Digitalization was a win-win for humans and trees. Pollution and unsustainable exploitation of natural materials can be solved by technological innovation. In fact, innovation often actually reduces the use of raw materials derived from nature. In his book The Population Bomb, Paul Ehrlich argued that the growth of the world’s population would soon outpace the supply of food and resources. So, in 1980 Julian Simon made a famous wager with Ehrlich on how the prices of various commodity metals would change over the next 10 years up to 1990 (a price increase would reflect scarcity in supply). Simon bet the prices would go down, Ehrlich bet that the prices would go up. Even though the world’s population experienced the largest increase in history during the 1980s, the prices of all the metals the two men had bet on went down and Simon won the wager.
Government environmental regulations fail. Market failure, as is often alleged, is not the problem. The problem is that governments prevent or meddle with markets for natural resources. And, whereas markets punish or reward businesses with profits and losses, bureaucrats are not held accountable in the same way. They incur no punishment for wasting resources or reward for using them efficiently; they get to keep their jobs either way. As a result, government environmental regulations usually either fail outright or incur unintended consequences. Consider the case of scenic areas such as parks and forest preserves. When they are owned by the government, user fees are kept so low (by taxing folks who may never visit the park) that private owners are not able to compete and thus don’t consider it profitable to own a scenic area. And, government owned parks are often less well maintained. At the beginning of the 20th century, Seattle, WA had a privately owned park that was beautifully maintained and enjoyed by thousands of people every day. But the local government decided that it would not take the risk of the next private owner being less attentive to the park. Shortly after it condemned and took over the property, the park’s condition deteriorated. Another example of failed environmental regulation is the Endangered Species Act (ESA) which says that if you have an endangered species on your land, you face stringent regulations as to how (if at all) you can use it. This has resulted in the 3-S treatment (shoot, shovel, and shut-up) to avoid regulations imposed by the government.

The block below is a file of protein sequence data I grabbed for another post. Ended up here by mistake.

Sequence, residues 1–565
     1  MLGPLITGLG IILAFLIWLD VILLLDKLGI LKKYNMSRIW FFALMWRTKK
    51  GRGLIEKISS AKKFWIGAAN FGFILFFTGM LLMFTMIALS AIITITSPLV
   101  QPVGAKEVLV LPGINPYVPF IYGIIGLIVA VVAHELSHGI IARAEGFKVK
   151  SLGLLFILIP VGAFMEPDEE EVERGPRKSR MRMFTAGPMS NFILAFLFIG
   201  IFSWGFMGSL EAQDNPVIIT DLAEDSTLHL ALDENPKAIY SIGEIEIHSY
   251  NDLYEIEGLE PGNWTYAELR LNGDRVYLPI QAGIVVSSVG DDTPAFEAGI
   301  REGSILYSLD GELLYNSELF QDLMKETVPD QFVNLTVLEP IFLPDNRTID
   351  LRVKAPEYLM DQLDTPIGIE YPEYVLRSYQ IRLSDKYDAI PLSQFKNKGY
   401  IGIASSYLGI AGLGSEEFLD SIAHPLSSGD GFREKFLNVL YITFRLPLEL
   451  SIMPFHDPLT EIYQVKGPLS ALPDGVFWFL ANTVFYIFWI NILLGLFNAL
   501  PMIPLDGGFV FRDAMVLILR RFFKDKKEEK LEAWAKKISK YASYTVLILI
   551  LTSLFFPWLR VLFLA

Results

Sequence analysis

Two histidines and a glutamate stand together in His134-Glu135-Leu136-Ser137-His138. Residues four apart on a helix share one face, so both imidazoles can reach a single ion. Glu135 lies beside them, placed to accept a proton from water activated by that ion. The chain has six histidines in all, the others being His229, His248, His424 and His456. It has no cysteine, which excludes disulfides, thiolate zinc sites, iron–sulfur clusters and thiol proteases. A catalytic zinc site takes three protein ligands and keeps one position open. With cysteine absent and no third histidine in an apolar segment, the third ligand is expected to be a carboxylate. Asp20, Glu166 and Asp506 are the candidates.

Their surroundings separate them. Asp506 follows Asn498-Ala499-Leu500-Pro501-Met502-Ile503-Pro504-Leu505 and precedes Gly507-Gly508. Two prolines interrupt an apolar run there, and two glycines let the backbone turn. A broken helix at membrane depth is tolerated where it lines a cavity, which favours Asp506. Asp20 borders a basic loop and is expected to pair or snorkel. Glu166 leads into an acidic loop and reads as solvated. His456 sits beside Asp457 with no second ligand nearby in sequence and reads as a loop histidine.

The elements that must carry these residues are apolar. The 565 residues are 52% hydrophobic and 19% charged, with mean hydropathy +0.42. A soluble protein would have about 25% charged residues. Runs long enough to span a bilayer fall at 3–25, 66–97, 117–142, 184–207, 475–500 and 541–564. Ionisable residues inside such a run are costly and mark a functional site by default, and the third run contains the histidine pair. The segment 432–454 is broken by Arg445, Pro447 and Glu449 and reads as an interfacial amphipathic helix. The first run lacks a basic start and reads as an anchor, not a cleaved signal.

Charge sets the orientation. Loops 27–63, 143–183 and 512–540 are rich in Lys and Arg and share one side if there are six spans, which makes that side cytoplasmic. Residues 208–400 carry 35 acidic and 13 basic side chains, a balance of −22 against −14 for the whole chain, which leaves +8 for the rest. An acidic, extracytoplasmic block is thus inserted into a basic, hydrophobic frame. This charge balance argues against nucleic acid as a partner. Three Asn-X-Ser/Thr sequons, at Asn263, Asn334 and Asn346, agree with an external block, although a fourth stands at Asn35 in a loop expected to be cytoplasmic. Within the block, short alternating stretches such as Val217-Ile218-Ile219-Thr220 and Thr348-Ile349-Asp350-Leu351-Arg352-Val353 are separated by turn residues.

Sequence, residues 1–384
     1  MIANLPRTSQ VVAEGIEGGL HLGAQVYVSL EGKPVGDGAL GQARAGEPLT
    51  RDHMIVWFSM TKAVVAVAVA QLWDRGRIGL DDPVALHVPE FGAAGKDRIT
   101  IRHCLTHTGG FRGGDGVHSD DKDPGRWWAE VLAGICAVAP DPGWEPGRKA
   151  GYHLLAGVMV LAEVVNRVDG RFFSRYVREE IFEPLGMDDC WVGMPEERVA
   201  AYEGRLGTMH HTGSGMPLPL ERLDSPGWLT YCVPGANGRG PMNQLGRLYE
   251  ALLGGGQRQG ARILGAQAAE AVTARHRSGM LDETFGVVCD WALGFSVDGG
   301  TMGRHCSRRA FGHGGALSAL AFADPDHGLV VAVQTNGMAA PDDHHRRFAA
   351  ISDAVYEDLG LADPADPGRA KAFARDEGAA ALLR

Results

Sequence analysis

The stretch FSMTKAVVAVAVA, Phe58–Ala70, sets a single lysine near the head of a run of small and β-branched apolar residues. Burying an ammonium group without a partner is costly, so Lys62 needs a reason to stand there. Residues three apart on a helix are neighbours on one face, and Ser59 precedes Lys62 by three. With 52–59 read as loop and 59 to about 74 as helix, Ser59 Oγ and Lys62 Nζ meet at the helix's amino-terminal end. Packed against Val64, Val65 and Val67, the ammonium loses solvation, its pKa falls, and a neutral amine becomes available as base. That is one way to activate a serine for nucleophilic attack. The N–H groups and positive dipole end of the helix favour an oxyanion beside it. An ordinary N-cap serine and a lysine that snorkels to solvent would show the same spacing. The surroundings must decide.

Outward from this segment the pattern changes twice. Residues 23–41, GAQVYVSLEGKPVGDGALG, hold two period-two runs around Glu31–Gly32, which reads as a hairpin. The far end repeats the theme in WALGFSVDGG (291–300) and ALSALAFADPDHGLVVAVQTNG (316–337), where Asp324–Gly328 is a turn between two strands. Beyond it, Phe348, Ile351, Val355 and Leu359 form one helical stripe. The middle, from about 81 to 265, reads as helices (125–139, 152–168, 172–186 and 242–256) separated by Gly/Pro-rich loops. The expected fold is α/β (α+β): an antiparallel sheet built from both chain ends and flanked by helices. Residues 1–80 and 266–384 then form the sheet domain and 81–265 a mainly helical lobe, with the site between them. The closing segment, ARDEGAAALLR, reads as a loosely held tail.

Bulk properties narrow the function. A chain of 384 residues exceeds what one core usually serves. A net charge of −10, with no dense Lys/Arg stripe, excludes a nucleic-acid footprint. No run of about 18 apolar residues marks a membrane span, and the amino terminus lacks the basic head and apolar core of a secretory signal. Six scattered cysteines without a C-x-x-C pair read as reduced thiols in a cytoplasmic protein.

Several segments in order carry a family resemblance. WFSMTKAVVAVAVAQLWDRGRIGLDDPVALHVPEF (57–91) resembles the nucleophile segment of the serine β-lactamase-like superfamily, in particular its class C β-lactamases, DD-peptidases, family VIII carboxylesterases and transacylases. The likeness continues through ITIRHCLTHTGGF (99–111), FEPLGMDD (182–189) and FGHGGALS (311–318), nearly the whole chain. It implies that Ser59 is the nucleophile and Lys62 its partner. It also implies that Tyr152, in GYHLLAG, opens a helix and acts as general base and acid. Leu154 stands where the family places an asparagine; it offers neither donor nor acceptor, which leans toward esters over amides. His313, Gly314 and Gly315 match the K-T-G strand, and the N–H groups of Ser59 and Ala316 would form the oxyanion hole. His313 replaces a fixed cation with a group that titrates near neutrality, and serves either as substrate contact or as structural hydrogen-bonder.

Government ownership of property causes more pollution. If public ownership of natural resources, scenic areas, and watersheds is such a good idea, why don’t environmentalists point to examples of such utopias under communist regimes (where private property was abolished?) Because communist countries, absent of free markets, have been some of the worst environmental offenders. In many Eastern bloc countries factory fumes caused the death of entire forests. Whole water bodies, such as the Aral and Caspian Seas, were contaminated with factory waste or diverted for irrigation, destroying the natural habitat of many species of plant and animals. The air pollution was often so bad that people had to drive with their lights on during the day to see the road, and the lack of clean air caused major health problems. About communist China, Thomas DiLorenzo writes in the March 1992 issue of The Freeman: “Depletion of government-owned forests has turned them into deserts, and millions of acres of grazing and farm land in the northern Chinese plains were made alkaline and unproductive during the ‘Great Leap Forward’ [of 1958 to 1960].” Similarly, in the United States, the public sector, meaning government, has been a major source of pollution. The Department of Defense produces 750,000 tons of hazardous waste each year—more than what the five largest private chemical companies in the U.S. produce combined.